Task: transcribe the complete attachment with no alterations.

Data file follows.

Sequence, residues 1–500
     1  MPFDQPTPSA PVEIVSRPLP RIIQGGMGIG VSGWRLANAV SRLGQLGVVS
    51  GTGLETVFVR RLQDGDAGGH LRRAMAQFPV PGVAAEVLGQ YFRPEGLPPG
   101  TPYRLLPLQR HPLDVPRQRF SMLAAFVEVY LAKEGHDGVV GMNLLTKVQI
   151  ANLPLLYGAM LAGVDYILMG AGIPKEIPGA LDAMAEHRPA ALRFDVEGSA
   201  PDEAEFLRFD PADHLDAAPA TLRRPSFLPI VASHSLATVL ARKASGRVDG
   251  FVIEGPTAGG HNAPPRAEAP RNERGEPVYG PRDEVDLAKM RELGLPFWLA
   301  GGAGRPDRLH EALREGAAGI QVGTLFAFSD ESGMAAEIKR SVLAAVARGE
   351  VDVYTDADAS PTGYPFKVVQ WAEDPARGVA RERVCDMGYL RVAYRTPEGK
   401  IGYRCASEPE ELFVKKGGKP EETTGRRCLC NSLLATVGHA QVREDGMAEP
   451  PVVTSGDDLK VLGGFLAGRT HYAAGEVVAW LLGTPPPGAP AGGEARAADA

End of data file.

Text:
Sequence, residues 1–500
     1  MPFDQPTPSA PVEIVSRPLP RIIQGGMGIG VSGWRLANAV SRLGQLGVVS
    51  GTGLETVFVR RLQDGDAGGH LRRAMAQFPV PGVAAEVLGQ YFRPEGLPPG
   101  TPYRLLPLQR HPLDVPRQRF SMLAAFVEVY LAKEGHDGVV GMNLLTKVQI
   151  ANLPLLYGAM LAGVDYILMG AGIPKEIPGA LDAMAEHRPA ALRFDVEGSA
   201  PDEAEFLRFD PADHLDAAPA TLRRPSFLPI VASHSLATVL ARKASGRVDG
   251  FVIEGPTAGG HNAPPRAEAP RNERGEPVYG PRDEVDLAKM RELGLPFWLA
   301  GGAGRPDRLH EALREGAAGI QVGTLFAFSD ESGMAAEIKR SVLAAVARGE
   351  VDVYTDADAS PTGYPFKVVQ WAEDPARGVA RERVCDMGYL RVAYRTPEGK
   401  IGYRCASEPE ELFVKKGGKP EETTGRRCLC NSLLATVGHA QVREDGMAEP
   451  PVVTSGDDLK VLGGFLAGRT HYAAGEVVAW LLGTPPPGAP AGGEARAADA